As Los Angeles prepares to commemorate the long-gone Cooper Do-nuts, accounts of a renowned 1959 uprising at one of its stores are being called into question.
An undated photo of a Cooper Do-nuts shop at 441 South Hill Street in Los Angeles. Legend has it that a riot took place at a Cooper location in 1959.Credit…Courtesy of Milestone Films
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By Erik Piepenburg
The story still resonates: More than 60 years ago, Los Angeles police officers were routinely harassing the gay and transgender people who gathered at Cooper Do-nuts, a 24-hour spot in the city’s seedy gay circuit known as the Run.
Then one evening in May 1959, some fed-up drag queens, hustlers and other customers pushed back, barraging officers with hot coffee and half-eaten crullers. Outnumbered, the police fled but called for backup, and arrests were made. John Rechy, author of the landmark 1963 gay novel “City of Night,” has recalled seeing coffee cups fly.
The Cooper Do-nuts melee has long been noted as a gay uprising a full 10 years before the more famous June riot outside the Stonewall Inn in New York City. It has become such a benchmark of L.G.B.T.Q. resistance that on Wednesday, the Los Angeles City Council is set to approve the installation of a street sign commemorating a Cooper Do-nuts shop as part of what it calls “the ongoing work to make Los Angeles a more inclusive place.”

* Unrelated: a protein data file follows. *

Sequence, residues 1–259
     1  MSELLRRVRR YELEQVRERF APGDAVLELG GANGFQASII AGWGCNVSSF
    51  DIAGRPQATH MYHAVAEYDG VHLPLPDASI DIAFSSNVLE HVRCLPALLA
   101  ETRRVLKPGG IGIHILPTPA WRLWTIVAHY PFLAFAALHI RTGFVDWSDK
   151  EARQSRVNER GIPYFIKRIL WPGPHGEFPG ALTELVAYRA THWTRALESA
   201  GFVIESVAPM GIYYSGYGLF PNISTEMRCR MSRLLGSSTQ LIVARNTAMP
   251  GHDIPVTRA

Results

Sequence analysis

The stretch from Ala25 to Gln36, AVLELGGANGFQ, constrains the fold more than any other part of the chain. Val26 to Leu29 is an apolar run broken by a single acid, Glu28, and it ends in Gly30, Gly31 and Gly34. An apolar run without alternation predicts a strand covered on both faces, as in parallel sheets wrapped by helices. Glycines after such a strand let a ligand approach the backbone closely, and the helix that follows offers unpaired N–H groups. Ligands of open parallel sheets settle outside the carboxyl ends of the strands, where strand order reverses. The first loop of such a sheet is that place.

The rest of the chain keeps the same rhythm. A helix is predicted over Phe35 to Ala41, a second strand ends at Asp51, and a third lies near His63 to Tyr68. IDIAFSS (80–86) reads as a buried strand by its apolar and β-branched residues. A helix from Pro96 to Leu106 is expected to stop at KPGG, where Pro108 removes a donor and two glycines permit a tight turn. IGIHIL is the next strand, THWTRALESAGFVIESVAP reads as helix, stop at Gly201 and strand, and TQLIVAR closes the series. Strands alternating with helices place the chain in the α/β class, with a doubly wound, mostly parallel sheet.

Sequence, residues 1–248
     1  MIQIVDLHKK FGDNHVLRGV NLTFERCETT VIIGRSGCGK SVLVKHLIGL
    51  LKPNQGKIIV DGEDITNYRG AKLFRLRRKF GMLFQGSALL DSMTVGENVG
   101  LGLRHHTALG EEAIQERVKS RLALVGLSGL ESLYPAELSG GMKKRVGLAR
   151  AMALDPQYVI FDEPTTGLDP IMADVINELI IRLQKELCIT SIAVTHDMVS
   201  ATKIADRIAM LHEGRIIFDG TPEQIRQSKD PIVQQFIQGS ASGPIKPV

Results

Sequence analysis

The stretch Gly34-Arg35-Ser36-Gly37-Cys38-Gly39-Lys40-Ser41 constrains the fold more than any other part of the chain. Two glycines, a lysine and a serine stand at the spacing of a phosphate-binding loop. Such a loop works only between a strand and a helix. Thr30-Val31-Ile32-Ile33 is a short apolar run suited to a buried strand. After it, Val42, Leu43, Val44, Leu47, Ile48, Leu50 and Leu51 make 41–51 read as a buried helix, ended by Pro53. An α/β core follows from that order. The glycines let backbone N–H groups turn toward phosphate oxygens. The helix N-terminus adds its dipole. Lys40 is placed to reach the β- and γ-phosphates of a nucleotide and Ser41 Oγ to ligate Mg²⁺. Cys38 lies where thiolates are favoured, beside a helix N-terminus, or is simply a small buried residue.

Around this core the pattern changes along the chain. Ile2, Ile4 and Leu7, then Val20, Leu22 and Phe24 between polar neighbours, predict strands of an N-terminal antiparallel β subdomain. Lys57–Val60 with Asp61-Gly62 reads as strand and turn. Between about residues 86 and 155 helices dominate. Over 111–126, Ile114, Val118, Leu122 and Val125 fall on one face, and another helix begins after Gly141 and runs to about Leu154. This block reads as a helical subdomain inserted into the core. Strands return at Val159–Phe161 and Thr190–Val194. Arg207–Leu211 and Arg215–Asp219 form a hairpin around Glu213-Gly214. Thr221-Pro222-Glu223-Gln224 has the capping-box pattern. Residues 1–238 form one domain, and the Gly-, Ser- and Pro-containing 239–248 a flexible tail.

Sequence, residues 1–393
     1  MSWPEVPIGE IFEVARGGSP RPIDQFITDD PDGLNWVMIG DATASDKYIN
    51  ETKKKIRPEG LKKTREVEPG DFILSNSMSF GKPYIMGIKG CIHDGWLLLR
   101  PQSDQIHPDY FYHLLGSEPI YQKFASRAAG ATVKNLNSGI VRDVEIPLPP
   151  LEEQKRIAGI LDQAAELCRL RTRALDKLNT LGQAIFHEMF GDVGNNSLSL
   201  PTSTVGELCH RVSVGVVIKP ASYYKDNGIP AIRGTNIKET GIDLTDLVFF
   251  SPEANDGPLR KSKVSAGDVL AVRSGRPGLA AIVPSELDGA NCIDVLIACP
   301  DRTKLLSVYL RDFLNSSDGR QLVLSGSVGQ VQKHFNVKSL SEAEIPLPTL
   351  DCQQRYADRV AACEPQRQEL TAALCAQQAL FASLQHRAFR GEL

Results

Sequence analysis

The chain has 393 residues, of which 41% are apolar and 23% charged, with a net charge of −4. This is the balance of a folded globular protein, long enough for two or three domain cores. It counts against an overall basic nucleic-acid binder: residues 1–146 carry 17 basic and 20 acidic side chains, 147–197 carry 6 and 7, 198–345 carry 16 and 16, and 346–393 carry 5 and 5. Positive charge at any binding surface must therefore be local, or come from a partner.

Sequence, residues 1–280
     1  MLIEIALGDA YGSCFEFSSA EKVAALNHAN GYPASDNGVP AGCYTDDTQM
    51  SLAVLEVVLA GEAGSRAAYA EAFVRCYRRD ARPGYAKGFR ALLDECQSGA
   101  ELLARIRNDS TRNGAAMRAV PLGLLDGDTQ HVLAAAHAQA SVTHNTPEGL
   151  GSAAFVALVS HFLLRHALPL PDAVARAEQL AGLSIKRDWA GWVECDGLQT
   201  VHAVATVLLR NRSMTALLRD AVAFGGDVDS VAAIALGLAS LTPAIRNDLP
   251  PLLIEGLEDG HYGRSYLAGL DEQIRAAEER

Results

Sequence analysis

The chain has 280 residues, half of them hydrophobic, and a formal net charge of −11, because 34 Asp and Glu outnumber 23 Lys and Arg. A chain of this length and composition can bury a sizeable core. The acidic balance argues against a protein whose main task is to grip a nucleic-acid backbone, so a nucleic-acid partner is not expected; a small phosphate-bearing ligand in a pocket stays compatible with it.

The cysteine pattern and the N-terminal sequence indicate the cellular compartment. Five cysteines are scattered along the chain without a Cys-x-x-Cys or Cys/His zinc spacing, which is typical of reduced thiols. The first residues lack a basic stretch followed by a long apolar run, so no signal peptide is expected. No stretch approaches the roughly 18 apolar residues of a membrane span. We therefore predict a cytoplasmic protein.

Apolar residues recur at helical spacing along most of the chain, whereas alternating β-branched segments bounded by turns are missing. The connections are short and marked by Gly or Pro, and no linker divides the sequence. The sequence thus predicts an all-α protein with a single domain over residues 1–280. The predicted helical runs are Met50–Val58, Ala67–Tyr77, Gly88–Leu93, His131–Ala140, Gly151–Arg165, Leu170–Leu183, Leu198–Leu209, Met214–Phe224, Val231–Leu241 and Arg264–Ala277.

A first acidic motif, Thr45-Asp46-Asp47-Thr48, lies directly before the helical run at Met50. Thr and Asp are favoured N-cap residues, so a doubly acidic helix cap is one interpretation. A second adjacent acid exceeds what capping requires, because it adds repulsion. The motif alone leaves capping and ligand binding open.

Does it matter that there’s little evidence the Cooper Do-nuts riot happened?
The family behind Cooper Do-nuts, a Los Angeles-based chain of shops that dotted California from 1952 to 1995, can’t vouch for it. “From our perspective, we don’t have concrete proof,” said Jacquie Evans, who runs CooperDonuts.com, a website memorializing the business. She is married to Keith Evans, whose grandfather Jack ran the chain for many years.
Local newspapers and TV stations didn’t cover any clash, which may not be surprising, given how little the mainstream media reported on gay life in those days. But the city had a vigorous tabloid press that would likely have pounced on such a fracas.
Mr. Rechy, the primary source for the story, has talked about witnessing an uprising at a Cooper Do-nuts since at least 2003. News outlets, including The New York Times, have repeated his account.
Nathan Marsak, the author of several books on the history of downtown Los Angeles, isn’t convinced. In a series of blog posts starting in 2021, he has marshaled old photos and city records to assert that there was no Cooper Do-nuts on the 500 block of South Main Street in May 1959 — the time and place Mr. Rechy has given for the fight. (Mr. Rechy also once wrote that it happened in 1958.)
Mr. Rechy now says that the rebellion didn’t take place at a Cooper Do-nuts. In 2021, he told the Los Angeles blog The LAnd: “There was no riot at Cooper’s. It was actually another donut shop, but at that time, people called every donut shop in the city ‘Cooper’s’ because there were so many.”
In an email last week, Mr. Rechy wrote that the “no-name coffee shop” where he saw the riot was on the same stretch of South Main Street where he has long said the confrontation happened.
Mr. Rechy, who at 92 just completed his 18th book, added that he was weary of the “baffling hostility that has persisted” around his account, calling it “undeserved, incorrect, malicious, infuriating and, yes, saddening.”
Even if an uprising happened, no one still contends that it happened at a Cooper Do-nuts. But the city plans to honor the company anyway, as “a safe haven for all members of the queer community regardless of gender presentation,” according to the motion before the council.